Here are the cleantech stories we’re following on the GreenBeat today:
Energy and carbon management startup C3 is looking to raise almost $50 million in funding. The company was founded by Thomas Siebel, who sold Siebel Systems to Oracle for $5.9 billion in 2005, and counts Condeleeza Rice among its directors. It’s still in stealth mode, so details on the company and its products are scarce. Earth2tech notes it is entering crowded space — there are already 20 companies, including Hara, in the energy and carbon management space.
You’ve heard of smart grids, but what about smart solar panels? Today, Portland-based startup Azuray Techologies announced a partnership with solar panel maker Suntech to work on just that.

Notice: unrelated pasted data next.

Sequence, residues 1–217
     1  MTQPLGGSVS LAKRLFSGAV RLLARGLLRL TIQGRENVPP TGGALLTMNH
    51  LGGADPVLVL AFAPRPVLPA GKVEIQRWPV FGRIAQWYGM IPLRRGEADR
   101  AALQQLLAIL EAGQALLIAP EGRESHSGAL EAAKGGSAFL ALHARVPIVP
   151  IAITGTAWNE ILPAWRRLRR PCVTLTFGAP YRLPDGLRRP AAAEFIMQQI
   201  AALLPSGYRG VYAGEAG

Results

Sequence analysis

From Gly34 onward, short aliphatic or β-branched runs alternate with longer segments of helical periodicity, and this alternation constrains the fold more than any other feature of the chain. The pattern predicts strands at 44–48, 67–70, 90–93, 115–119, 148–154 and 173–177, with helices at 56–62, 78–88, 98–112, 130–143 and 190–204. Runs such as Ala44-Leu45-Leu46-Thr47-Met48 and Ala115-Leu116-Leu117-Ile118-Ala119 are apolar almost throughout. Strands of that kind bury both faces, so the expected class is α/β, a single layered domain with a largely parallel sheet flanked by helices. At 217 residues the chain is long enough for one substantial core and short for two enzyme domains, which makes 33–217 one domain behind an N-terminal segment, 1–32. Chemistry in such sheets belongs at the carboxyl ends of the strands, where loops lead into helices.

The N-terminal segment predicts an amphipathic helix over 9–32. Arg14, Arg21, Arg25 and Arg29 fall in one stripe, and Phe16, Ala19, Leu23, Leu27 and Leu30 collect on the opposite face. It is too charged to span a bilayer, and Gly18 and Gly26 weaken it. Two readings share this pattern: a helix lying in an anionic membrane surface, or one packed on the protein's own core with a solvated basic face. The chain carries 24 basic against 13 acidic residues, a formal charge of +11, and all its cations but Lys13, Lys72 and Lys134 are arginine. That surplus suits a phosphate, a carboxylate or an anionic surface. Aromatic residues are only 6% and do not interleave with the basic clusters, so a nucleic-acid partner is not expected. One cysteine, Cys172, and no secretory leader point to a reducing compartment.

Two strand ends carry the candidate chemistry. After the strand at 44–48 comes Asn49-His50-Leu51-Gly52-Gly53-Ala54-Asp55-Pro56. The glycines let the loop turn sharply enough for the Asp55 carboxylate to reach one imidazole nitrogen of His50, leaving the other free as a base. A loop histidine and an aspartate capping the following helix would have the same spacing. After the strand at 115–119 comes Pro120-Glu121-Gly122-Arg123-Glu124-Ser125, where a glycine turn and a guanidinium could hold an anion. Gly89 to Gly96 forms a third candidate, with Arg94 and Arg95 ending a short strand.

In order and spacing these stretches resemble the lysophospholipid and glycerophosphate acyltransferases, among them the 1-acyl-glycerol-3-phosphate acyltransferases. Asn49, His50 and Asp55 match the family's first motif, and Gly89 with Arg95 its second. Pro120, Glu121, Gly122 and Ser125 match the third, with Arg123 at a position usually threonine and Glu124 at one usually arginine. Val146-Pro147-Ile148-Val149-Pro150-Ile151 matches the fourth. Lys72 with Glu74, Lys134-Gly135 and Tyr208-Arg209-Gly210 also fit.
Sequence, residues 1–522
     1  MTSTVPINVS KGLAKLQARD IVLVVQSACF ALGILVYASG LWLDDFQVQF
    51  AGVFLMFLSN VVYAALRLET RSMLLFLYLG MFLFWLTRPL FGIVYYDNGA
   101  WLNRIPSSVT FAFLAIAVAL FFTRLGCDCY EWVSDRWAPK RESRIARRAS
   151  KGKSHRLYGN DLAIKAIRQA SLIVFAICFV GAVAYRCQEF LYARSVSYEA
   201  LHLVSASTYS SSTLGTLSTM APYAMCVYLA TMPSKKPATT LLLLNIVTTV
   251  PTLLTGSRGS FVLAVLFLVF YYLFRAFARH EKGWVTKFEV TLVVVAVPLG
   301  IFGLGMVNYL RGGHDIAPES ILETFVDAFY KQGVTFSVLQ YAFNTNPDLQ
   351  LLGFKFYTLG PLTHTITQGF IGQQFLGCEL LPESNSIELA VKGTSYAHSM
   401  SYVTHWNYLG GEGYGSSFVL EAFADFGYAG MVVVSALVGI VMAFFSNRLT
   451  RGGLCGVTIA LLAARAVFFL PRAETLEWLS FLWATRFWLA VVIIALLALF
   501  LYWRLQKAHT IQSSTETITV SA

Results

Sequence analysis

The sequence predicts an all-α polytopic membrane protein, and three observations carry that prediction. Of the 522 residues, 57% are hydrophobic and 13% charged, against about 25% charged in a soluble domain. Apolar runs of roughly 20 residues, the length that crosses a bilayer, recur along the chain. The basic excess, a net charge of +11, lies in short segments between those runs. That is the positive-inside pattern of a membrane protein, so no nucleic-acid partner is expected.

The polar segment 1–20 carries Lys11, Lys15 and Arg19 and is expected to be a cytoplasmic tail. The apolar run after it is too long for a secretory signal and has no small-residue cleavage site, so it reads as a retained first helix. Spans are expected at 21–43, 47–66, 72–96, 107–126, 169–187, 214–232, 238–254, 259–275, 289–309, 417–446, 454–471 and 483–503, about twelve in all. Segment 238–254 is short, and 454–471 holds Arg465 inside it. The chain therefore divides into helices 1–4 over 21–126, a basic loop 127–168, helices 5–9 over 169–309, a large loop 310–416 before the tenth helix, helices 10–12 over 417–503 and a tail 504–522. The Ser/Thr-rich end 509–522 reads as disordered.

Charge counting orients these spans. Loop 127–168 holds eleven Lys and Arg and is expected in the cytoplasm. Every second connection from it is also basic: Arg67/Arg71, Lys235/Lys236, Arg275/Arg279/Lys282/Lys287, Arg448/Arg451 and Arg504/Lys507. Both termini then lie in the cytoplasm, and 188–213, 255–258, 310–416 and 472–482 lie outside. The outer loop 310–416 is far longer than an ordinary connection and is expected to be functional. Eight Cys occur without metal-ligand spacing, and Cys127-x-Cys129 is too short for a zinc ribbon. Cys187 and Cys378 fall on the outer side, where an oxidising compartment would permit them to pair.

Coda will be selling its $45,000 all-electric sedan in malls, a sales strategy the startup likens to Apple’s. The company plans to put up storefronts within 10 to 12 miles of its target demographic (stores are planned for Los Angeles and California’s Bay Area) and plans to retain control of the stores, servicing cars, proffering a “no-pressure” sales environment and offering the cars for sale without markup. The company made waves when it announced the high price tag earlier this week because the relatively unknown vehicle is priced well above the cost of the Nissan Leaf and Chevrolet Volt, which, like Coda’s sedan, will be released in December.
Large-scale solar plant developer BrightSource Energy is quietly preparing for an IPO, reports Dow Jones Venture Wire, citing two people familiar with the company’s plans.